Guide to the Priya Kambli photographs, 2006-2012
Collection consists of forty 17x24 inch color inkjet prints from a body of work titled Color Falls Down by artist Priya Kambli, who emigrated from India to the U.S. at the age of eighteen. Sometimes resembling diptychs, the images juxtapose and recontextualize family photographs, personal objects such as clothing, spoons, and earrings, and contemporary self-portraits, exploring themes of migration, cross-cultural understanding, women and family, identity, and memory. This work received the 2018 ADA Collection Award for Women Documentarians. Acquired as part of the Archive of Documentary Arts at Duke University.
- Collection Number
- Priya Kambli photographs
- 2.0 Linear Feet, 2 boxes
- David M. Rubenstein Rare Book & Manuscript Library
- Materials in English
Collection consists of forty 17x24 inch color inkjet prints from a body of work titled Color Falls Down by artist Priya Kambli, who emigrated from India to the U.S. Sometimes resembling diptychs, the images juxtapose and recontextualize family photographs, personal objects such as clothing, spoons, and earrings, and contemporary self-portraits, exploring themes of migration, cross-cultural understanding, women and family, identity, and memory.
From the artist's statement: "At age 18, a couple of years after the death of my parents, I moved from India to the United States with all my belongings in one suitcase. My photographs, which are rooted in my fascination with my parents, visually express the notion of transience and split cultural identity caused by the act of migration. In Color Falls Down these issues are seen through the lens of my own personal history and cultural identity. I re-contextualize and alter my family snapshots and personal artifacts to reveal the correlations between generations, cultures and memory."
This work received the 2018 ADA Collection Award for Women Documentarians. Acquired as part of the Archive of Documentary Arts at Duke University.
Arranged in original order as assigned by the photographer.
Access to the Collection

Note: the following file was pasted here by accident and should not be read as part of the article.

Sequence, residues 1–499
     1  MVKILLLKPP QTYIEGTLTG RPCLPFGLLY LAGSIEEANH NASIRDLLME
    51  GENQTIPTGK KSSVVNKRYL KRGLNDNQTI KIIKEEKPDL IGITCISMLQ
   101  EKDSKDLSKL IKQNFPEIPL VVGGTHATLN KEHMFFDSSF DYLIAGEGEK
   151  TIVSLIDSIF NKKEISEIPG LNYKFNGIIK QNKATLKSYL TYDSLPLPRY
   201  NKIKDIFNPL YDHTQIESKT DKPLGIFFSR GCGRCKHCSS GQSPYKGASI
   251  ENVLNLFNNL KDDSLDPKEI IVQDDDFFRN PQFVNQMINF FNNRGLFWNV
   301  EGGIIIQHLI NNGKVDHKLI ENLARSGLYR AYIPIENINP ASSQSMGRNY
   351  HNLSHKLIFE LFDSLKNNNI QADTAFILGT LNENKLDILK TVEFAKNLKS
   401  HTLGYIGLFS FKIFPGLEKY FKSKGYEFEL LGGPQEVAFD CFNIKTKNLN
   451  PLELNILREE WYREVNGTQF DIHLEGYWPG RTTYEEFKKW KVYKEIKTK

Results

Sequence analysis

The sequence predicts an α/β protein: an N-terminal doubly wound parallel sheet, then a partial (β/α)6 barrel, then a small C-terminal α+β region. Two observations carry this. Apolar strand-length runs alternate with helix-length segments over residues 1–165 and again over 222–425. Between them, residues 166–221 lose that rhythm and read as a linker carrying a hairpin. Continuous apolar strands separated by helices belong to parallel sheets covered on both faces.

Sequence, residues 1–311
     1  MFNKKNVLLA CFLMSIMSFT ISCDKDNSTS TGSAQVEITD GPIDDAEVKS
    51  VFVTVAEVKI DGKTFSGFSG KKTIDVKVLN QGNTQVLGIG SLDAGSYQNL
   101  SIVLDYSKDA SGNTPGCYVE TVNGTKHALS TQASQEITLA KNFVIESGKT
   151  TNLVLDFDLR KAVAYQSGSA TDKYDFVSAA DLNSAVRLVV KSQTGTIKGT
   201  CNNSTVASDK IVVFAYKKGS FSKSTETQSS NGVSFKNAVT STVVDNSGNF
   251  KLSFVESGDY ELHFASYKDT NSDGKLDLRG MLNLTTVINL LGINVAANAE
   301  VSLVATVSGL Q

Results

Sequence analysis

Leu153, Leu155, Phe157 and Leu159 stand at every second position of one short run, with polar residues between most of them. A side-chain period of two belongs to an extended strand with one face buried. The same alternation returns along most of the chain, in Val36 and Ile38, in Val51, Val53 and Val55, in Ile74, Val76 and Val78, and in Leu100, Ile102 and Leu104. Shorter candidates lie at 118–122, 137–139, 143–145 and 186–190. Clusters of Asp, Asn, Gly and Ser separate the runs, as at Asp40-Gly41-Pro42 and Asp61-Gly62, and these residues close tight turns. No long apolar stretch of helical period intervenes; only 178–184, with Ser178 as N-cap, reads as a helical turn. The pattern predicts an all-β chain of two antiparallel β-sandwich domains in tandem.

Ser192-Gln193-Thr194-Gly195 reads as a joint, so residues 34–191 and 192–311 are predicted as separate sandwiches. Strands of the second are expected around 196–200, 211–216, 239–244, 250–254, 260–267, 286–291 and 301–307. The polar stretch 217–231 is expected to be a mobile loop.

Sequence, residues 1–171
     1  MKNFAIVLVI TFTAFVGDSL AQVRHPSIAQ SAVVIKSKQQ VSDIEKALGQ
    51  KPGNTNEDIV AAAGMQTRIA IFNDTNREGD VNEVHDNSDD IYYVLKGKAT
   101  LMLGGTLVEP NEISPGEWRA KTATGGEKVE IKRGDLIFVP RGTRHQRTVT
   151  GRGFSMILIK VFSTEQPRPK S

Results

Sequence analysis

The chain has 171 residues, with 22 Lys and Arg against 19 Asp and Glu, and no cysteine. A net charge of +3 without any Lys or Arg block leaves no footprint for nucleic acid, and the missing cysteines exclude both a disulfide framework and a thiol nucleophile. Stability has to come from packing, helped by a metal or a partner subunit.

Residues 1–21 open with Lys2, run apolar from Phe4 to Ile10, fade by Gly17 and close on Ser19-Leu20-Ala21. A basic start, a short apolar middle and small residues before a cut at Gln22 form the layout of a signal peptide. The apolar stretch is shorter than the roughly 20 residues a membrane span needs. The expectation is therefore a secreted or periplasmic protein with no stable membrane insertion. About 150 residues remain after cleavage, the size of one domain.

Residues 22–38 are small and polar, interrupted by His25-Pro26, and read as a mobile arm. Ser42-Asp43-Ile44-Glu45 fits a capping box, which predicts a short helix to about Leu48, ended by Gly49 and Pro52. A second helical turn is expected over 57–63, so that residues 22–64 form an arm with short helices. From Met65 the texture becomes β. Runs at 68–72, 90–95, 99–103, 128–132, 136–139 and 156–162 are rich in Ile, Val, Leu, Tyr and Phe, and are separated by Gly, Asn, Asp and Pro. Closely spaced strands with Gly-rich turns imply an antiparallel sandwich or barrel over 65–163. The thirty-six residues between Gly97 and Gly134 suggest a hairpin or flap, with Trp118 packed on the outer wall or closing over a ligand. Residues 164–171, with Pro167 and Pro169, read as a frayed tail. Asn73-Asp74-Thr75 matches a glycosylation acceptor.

Collection is open for research. Images may only be used for educational, non-commercial purposes; any other use requires the photographer's permission.
Use & Permissions
The copyright interests in this collection have not been transferred to Duke University. For more information, consult the copyright section of the Regulations and Procedures of the David M. Rubenstein Rare Book & Manuscript Library.
How to Cite
[Identification of item], Priya Kambli photographs, David M. Rubenstein Rare Book & Manuscript Library, Duke University.
Artist Priya Kambli began her creative career when she emigrated to the United States from India at the age of 18, a few years after the death of her parents. Her work is informed by the loss of her parents, her experience as a migrant, and the inheritance of family photographs she brought with her to the U.S. Kambli received her BFA from the University of Louisiana at Lafayette and her MFA from the University of Houston. Currently, she is a Professor of Art at Truman State University in Kirksville, Missouri. In 2008, Kambli received PhotoLucida's Book Award for "Color Falls Down," which was later published in 2010. The work also received the 2018 Archive of Documentary Arts Award for Emerging Women Documentarians.
Click to find related materials at Duke University Libraries.
- East Indians -- Portraits
- East Indians -- United States -- Ethnic identity
- Families -- Photographs
- Families -- India -- Photographs
- Self-perception in art
- Women immigrants -- United States
- Women photographers -- United States
- India -- Emigration and immigration
- India -- Social life and customs
- United States -- Emigration and immigration
The Priya Kambli photographs were received by the David M. Rubenstein Rare Book & Manuscript Library as a purchase in 2018.
Processed and described by Rachel Jessen and Paula Jeannet, February 2019.
Accession(s) described in this collection guide: 2019-0002.
The photographs in this collection were printed on Harmon by Hahnemuhle Gloss Baryta Warmtone paper, using an Epson 7800 printer and Archival Epson ink.